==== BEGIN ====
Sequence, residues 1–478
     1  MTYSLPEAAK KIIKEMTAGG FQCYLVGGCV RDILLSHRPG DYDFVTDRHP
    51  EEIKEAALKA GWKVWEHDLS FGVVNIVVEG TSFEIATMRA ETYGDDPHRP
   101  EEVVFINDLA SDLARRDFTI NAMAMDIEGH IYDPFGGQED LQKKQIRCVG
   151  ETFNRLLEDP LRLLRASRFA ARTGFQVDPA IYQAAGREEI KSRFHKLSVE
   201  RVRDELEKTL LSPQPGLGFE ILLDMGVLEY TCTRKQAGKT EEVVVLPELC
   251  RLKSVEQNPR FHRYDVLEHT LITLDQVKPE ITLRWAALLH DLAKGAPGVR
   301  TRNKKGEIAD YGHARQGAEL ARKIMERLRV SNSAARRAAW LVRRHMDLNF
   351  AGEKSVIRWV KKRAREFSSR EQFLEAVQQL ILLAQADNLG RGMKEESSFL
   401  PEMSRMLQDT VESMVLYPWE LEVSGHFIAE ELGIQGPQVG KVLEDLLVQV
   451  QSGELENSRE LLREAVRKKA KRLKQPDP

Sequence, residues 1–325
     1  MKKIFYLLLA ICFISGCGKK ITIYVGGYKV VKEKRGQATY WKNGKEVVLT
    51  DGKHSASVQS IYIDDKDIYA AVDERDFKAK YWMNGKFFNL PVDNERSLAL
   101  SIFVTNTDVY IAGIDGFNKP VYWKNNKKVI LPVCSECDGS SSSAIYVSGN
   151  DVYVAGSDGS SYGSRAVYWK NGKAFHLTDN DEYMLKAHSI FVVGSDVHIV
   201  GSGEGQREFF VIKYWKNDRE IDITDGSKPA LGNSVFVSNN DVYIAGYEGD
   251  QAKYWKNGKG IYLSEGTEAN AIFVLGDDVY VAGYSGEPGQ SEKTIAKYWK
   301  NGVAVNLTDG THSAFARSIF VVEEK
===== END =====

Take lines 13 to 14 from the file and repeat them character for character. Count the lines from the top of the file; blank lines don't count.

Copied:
     1  MKKIFYLLLA ICFISGCGKK ITIYVGGYKV VKEKRGQATY WKNGKEVVLT
    51  DGKHSASVQS IYIDDKDIYA AVDERDFKAK YWMNGKFFNL PVDNERSLAL